The capture of four female Ragged-tooth Sharks, Carcharias taurus, in the early stages of pregnancy in the bather protective nets along the KwaZulu-Natal coastline provided an opportunity to investigate embryonic development. A total of 31 embryos, 8–225 mm total length, were found. Of these, 15 were encapsulated and 16 were found free-floating in the uterus. Six embryos, three of which were encapsulated (35–50 mm) and three free-floating (36–52 mm), were examined under both light and scanning electron microscopy. The embryos possessed tooth-like structures. Spectral analysis of these structures revealed the presence of calcium, phosphorus, fluoride and oxygen, which supports the hypothesis that they are teeth. These teeth would enable embryos to escape encapsulation. These free-floating embryos are the smallest on record, with the previous smallest being a 40 mm embryo. These findings would now amend the current literature of C. taurus embryology. These results could affect the current understanding of C. taurus reproduction and biology and may impact any current breeding programs that are attempting to increase the fecundity of these species.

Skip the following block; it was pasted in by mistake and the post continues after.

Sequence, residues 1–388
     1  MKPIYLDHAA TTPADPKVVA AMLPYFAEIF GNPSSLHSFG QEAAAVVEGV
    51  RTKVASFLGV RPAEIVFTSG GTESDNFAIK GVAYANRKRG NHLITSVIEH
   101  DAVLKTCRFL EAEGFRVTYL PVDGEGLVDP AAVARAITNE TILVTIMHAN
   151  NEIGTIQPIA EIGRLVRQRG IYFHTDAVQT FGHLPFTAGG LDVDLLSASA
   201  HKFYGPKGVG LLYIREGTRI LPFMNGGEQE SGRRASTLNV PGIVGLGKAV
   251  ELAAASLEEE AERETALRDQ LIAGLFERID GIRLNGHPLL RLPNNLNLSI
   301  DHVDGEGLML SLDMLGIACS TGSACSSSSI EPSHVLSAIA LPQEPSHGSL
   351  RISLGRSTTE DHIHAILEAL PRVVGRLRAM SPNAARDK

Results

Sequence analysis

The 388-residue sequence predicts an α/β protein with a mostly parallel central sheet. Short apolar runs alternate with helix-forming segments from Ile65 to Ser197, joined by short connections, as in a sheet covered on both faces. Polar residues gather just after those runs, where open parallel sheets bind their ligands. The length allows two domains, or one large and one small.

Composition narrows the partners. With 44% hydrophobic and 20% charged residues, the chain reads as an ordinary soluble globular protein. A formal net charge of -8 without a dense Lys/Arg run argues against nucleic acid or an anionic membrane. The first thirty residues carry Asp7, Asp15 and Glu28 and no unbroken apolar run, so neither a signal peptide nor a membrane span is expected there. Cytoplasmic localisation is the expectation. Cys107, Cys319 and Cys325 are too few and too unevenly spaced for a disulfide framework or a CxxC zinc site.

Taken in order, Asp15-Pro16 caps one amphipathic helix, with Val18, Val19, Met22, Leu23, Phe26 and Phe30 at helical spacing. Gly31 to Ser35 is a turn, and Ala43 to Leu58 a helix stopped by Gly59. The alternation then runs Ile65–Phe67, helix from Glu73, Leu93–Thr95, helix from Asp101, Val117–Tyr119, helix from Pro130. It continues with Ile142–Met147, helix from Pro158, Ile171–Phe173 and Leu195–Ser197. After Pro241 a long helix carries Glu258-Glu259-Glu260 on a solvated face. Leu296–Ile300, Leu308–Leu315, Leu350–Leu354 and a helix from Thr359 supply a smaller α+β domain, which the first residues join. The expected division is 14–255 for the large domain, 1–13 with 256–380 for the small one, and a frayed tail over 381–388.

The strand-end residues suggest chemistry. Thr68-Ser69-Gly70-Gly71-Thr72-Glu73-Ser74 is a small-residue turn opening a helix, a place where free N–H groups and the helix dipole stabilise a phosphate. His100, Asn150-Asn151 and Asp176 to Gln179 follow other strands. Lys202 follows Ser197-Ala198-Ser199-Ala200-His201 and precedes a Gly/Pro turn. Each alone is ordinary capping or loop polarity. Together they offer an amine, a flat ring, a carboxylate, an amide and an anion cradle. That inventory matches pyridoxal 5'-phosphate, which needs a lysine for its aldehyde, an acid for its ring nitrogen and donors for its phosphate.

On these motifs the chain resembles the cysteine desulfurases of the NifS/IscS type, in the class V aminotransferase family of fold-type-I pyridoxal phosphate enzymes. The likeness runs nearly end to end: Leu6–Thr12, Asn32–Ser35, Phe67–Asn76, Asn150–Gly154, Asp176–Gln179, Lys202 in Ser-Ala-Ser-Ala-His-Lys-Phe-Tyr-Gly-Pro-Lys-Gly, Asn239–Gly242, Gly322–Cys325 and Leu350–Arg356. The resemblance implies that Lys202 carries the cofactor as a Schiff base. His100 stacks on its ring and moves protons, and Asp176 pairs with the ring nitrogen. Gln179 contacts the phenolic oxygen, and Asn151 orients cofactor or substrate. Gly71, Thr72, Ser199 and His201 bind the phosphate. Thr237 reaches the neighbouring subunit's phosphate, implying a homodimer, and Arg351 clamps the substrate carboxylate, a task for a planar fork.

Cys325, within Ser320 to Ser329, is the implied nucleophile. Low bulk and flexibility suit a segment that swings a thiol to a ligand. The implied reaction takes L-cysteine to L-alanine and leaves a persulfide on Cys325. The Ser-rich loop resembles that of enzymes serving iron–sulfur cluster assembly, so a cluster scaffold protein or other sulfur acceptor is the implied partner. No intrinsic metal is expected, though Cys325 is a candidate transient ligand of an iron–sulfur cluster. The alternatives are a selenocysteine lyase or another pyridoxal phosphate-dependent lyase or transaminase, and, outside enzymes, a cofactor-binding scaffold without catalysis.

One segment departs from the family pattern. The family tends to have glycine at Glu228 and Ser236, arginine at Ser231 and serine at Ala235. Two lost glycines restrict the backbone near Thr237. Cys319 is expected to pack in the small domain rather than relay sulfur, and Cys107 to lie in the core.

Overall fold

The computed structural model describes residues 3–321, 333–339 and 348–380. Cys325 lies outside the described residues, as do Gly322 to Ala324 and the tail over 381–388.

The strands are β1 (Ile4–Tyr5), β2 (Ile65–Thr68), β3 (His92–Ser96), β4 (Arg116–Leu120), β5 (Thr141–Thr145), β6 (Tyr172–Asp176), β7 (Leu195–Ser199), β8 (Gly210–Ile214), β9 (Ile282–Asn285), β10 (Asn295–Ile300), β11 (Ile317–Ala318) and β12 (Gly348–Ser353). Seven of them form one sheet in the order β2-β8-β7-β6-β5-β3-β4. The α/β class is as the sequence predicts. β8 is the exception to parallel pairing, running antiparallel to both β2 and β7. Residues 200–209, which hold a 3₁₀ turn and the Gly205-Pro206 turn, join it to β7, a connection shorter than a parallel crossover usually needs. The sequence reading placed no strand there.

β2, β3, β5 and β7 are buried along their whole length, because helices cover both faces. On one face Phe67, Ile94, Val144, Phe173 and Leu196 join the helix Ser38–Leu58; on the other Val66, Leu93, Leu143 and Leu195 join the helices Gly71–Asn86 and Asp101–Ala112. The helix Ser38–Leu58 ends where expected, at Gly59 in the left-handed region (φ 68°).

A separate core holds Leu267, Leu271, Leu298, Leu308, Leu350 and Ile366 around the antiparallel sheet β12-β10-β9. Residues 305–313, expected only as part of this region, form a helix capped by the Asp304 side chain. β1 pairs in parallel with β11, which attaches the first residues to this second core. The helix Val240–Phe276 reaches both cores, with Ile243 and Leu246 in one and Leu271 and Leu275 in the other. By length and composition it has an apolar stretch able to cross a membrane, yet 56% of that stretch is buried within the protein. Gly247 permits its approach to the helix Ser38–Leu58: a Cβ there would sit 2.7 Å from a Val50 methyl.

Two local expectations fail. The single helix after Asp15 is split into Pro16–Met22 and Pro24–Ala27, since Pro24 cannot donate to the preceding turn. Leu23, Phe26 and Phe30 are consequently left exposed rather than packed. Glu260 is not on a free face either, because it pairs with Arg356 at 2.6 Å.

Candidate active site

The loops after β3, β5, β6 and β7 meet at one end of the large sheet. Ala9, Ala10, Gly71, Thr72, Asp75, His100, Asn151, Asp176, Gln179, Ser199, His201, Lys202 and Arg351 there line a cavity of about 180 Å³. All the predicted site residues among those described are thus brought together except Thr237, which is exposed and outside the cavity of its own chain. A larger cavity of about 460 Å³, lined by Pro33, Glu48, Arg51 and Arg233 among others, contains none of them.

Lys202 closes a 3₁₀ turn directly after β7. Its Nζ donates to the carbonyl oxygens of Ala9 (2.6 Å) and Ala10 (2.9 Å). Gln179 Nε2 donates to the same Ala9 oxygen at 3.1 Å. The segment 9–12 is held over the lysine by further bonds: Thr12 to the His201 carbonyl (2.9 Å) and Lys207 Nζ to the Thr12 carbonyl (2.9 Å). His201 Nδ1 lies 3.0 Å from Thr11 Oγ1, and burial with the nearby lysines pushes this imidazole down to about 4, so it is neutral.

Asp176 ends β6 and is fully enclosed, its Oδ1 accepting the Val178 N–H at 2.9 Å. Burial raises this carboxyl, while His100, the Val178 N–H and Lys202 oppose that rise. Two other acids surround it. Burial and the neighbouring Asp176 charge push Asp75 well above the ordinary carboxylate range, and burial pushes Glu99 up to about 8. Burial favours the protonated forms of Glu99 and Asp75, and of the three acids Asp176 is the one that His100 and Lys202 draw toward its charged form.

Un jeune organisme dans les stages le plus précoces de son développement.